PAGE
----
Of course the national media spins stories to generate revenues. But how many real estate agents previously had the experience of taking a course on dealing with the press?

  8. Steve Simon

    September 2, 2008 at 5:52 am

    Until you have spent some time as an elected official you really have no idea at what depths the News Media will sink to…
    Read my profile.
    I have seen misquotes (known to be a misquote in advance of distribution) used as headlines.
    I have seen the with-holding of information that changes the entire context of a an event.
    I have seen thousands and thousands of dollars spent in one sided opposition research while major blunders of the other side are not even mentioned.
    Depending on the organization this one sided harang’s predisposed tilt is also usually predictable…

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Social Media

Deepfakes can destroy any reputation, company, or country

(MEDIA) Deepfakes have been around for a few years now, but they’re being crafted for nefarious purposes beyond the original porn and humor uses.

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Deepfakes — a technology originally used by Reddit perverts who wanted to superimpose their favorite actresses’ faces onto the bodies of porn stars – have come a long way since the original Reddit group was banned.

Deepfakes use artificial intelligence (AI) to create bogus videos by analyzing facial expressions to replace one person’s face and/or voice with another’s.

Using computer technology to synthesize videos isn’t exactly new.

Remember in Forrest Gump, how Tom Hanks kept popping up in the background of footage of important historical events, and got a laugh from President Kennedy? It wasn’t created using AI, but the end result is the same. In other cases, such technology has been used to complete a film when an actor dies during production.

The difference between these examples and that latest deepfake technology is a question of ease and access.

Historically, these altered videos have required a lot of money, patience, and skill. But as computer intelligence has advanced, so too has deepfake technology.

Now the computer does the work instead of the human, making it relatively fast and easy to create a deepfake video. In fact, Stanford created a technology using a standard PC and web cam, as I reported in 2016.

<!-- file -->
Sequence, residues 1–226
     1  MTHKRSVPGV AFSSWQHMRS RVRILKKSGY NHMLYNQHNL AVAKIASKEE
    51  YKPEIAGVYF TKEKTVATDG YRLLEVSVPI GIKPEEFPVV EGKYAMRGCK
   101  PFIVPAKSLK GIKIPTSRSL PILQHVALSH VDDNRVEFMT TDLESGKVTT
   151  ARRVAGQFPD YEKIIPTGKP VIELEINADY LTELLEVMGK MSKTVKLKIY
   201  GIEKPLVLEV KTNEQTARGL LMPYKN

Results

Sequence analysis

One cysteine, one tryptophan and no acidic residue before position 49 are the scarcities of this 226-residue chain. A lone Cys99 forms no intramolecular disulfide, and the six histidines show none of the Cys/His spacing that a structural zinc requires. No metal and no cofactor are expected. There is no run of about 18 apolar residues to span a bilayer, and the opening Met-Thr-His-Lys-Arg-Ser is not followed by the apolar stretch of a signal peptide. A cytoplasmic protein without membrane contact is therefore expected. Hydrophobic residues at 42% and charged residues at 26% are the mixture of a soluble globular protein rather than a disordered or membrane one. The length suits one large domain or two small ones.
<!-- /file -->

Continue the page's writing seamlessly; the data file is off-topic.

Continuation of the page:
Nowadays, your average Joe can access open source deepfake apps for free. All you need is some images or video of your victim.

While the technology has mostly been used for fun – such as superimposing Nicolas Cage into classic films – deepfakes could and have been used for nefarious purposes.

There is growing concern that deepfakes could be used for political disruption, for example, to smear a politician’s reputation or influence elections.

Legislators in the House and Senate have requested that intelligence agencies report on the issue. The Department of Defense has already commissioned researchers to teach computers to detect deepfakes.

One promising technology developed at the University of Albany analyzes blinking to detect deep fakes, as subjects in the faked videos usually do not blink as often as real humans do. Ironically, in order to teach computers how to detect them, researchers must first create many deepfake videos. It seems that deepfake creators and detectors are locked in a sort of technological arms race.

The falsified videos have the potential to exacerbate the information wars, either by producing false videos, or by calling into question real ones. People are already all too eager to believe conspiracy theories and fake news as it is, and the insurgence of these faked videos could be created to back up these bogus theories.

Others worry that the existence of deepfake videos could cast doubt on actual, factual videos. Thomas Rid, a professor of strategic studies at Johns Hopkins University says that deepfakes could lead to “deep denials” – in other words, “the ability to dispute previously uncontested evidence.”

While there have not yet been any publicly documented cases of attempts to influence politics with deepfake videos, people have already been harmed by the faked videos.

Women have been specifically targeted. Celebrities and civilians alike have reported that their likeness has been used to create fake sex videos.

Deepfakes prove that just because you can achieve an impressive technological feat doesn’t always mean you should.

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Red flags to look for when hiring a social media pro

(SOCIAL MEDIA) Social Media is a growing field with everyone and their moms trying to become social media managers. Here are a few experts’ tips on seeing and avoiding the red flags of social media professionals.

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If you’re thinking about hiring a social media professional – or are one yourself – take some tips from the experts.

We asked a number of entrepreneurs specializing in marketing and social media how they separate the wheat from the chaff when it comes to social media managers, and they gave us some hints about how to spot whose social media game is all bark and no bite.

According to our experts, the first thing you should do if you’re hiring a social media professional is to check out their personal and/or professional social media pages.

Candidates with underwhelming, non-existent, out-of-date, or just plain bad social media pages should obviously get the chop.

“If they have no professional social presence themselves, that’s a big red flag,” says Chelle Honiker, CEO at Athenia Creative.